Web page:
Make your own free website on


 Fight For Justice

On the Keweenaw Bay Indian Community Reservation


Page 3
of FFJ Case 2:96-CV-294
Support of
Federal Defendant's Motion to Dismiss


       Plaintiffs have brought their substantive challenge to the tribal resolutions at issue in the wrong forum. For the reasons which follow this matter should be dismissed for failure to state a claim upon which relief may be granted, for failure to exhaust tribal remedies, and for failure to join an in le party to wit: KBIC. Further, the requested remedy, mandamus, is an extraordinary remedy which is not available and should not be granted, in this matter.



       Plaintiffs' Complaint alleges that the two KBIC resolutions at issue require the review and approval of the Secretary of the Interior or his delegated representative pursuant to federal common law, the federal government's trust responsibility to the tribe under 25 USC § 13OOh-(6), the Indian Reorganization Act and 25 U.S.C. §476 and the KBIC Constitution. Plaintiffs ask the Court to compel the BIA to review the ordinances under 5 USC §706 (1) and 5 USC §706.(2) or to issue an order of mandamus directing the BIA to do so pursuant to 28 U.S.C. §1361.

       Contrary to plaintiffs' assertion that the Secretary of the Interior or his delegated representative was required to review and approve the resolutions at issue, both statutes and case law make it abundantly clear that the Secretary had no such duty. It is well-established that a district court does not have jurisdiction to compel an official to perform a discretionary act. Neal v. Reagan, 587 F.Supp. 1558 (1984); Welch v. Donovan, 551 F.Supp. 809 (D.C. Cir. 1982); R.E.D.M. Corp.v. Lo Secco, 412 F.2d 303 ( 2nd Cir. 1969). Therefore, the Court may not grant the relief sought by plaintiffs.

       Plaintiffs base their claim that the Secretary of the Interior has a duty to review and approve the subject resolutions on the Indian Reorganization Act, at 25 U.S.C §476. 25 U.S.C. 6476, however, imposes no general duty on the Secretary to reviews all tribal resolutions or ordinances. It states, in relevant part:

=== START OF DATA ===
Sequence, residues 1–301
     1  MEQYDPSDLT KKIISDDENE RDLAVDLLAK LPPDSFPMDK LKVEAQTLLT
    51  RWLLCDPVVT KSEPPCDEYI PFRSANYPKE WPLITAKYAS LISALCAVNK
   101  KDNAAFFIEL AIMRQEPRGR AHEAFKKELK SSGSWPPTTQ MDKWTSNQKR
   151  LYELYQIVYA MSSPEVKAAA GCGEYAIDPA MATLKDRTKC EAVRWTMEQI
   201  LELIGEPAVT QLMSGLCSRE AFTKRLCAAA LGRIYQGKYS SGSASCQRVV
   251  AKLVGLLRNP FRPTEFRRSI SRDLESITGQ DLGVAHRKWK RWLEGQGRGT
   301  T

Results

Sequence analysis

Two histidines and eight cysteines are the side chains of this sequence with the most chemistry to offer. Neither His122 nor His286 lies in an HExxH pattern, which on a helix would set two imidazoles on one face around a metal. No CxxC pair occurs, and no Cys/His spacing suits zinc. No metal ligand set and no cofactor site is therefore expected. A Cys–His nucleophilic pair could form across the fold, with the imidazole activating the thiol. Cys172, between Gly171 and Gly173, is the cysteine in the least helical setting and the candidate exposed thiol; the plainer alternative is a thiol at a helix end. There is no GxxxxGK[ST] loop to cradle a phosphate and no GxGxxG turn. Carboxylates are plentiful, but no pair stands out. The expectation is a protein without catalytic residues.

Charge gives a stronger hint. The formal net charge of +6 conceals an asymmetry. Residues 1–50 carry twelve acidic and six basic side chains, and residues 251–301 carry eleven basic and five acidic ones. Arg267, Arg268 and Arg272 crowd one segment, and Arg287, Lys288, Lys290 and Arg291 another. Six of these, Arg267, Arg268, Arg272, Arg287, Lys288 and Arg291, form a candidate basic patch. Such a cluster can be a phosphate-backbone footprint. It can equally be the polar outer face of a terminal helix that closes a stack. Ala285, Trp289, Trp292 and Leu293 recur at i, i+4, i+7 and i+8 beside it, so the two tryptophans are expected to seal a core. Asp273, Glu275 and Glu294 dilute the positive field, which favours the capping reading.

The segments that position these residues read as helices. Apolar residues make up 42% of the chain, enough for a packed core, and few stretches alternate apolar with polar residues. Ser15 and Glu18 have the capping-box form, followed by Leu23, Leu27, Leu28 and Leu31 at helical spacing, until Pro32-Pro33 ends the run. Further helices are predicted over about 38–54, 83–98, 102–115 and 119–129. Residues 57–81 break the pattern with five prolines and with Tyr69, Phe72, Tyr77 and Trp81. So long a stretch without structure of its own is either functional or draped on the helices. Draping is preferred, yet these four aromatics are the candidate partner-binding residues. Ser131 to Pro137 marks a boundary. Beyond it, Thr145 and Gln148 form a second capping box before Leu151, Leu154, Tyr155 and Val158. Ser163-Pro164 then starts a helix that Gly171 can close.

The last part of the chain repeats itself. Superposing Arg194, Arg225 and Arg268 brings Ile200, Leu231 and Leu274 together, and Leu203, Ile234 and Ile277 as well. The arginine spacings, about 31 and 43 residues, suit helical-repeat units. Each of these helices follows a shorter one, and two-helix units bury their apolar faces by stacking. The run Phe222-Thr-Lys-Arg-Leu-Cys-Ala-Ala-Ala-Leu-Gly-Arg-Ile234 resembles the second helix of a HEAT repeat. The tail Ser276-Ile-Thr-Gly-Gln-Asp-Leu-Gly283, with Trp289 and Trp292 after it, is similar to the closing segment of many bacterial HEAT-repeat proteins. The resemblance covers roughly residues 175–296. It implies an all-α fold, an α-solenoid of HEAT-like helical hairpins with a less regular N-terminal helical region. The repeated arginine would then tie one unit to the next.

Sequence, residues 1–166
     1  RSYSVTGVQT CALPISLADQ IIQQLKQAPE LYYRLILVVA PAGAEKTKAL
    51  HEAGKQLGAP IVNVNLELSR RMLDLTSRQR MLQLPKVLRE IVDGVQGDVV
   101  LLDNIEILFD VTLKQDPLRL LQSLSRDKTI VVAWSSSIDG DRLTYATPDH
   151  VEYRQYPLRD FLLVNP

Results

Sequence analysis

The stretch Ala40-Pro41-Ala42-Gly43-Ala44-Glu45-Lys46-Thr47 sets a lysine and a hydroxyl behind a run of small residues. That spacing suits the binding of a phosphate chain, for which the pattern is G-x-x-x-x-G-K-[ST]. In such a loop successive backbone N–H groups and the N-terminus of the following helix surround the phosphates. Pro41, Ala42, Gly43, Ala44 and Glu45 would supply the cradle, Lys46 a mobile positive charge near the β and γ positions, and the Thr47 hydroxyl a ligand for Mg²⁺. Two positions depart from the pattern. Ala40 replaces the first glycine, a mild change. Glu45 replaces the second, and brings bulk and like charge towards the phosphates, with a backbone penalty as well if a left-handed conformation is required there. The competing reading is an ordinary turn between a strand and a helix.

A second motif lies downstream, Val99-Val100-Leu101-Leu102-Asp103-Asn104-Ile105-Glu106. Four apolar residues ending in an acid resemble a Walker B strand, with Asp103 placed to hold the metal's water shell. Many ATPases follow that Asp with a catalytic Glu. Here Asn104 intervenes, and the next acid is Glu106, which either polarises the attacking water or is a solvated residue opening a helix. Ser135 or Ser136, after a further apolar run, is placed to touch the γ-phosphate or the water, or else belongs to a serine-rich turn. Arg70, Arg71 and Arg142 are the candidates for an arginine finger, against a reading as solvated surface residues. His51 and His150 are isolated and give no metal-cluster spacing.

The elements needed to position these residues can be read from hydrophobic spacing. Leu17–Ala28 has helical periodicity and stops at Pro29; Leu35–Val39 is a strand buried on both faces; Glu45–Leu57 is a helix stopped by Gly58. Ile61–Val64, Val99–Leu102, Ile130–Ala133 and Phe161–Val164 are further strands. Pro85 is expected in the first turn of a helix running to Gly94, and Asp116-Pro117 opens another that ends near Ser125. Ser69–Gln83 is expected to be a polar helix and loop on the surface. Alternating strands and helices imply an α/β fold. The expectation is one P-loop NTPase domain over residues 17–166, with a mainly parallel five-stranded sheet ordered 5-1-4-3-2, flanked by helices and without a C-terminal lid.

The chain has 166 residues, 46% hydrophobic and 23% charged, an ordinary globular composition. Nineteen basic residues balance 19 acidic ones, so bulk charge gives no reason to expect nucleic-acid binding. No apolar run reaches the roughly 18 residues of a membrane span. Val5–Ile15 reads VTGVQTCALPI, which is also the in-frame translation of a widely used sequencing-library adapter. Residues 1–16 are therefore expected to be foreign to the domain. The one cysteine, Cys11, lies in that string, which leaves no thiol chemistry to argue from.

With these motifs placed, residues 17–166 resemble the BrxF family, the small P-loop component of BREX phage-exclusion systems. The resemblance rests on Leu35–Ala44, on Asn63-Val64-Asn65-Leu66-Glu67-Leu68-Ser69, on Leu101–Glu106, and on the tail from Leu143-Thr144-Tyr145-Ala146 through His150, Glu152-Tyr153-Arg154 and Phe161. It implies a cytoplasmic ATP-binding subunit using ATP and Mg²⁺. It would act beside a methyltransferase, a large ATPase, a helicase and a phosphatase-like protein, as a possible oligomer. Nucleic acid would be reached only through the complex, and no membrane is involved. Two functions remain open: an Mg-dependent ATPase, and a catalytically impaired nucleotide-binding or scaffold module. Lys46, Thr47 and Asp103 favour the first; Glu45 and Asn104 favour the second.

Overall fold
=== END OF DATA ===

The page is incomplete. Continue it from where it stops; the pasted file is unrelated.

(a) Adoption; effective date
Any Indian tribe shall have the right to organize for its common welfare, find may adopt an appropriate constitution and bylaws, and any amendments thereto, which shall become effective when
(1)ratified by a majority vote of the adult members of the tribe or tribes at a special election authorized and called by the Secretary under such rules and regulations as the Secretary may prescribe: and
(2)approved by the Secretary pursuant to subsection (d) of this section.


(d) Approval or disapproval by Secretary; enforcement

(1)If an election called under subsection (a) of this section results in the adoption by the tribe of the proposed constitution and bylaw's or amendments thereto, the Secretary shall approve the constitution and bylaws or amendments thereto within forty-five days after the election unless the Secretary finds that the proposed constitution, and bylaws or any amendments are contrary to applicable laws.

(2) If the Secretary does not approve or disapprove the constitution and bylaws or amendments within the forty-five days, the Secretary's approval shall be considered as given. Actions to enforce the provisions of this section may be brought in the appropriate Federal district Court.


(e) Vested rights and powers; advisement of presubmitted estimates:

In addition to all powers vested in any Indian tribe or tribal council by existing law, the constitution adopted by said tribe shall also vest in such tribe or its tribal council the following fights and powers: To employ legal counsel, the choice of counsel and fixing of fees to be subject to the approval of the Secretary; to prevent the sale, disposition lease or encumbrance of tribal land, interests in lands, or other tribal assets without the consent of the tribe; and to negotiate with the Federal, State, and local governments. The Secretary shall advise such tribe or its tribal council of all appropriation estimates or Federal projects for the benefit of the tribe prior to the submission of such estimates to the Office of Management and Budget and the Congress.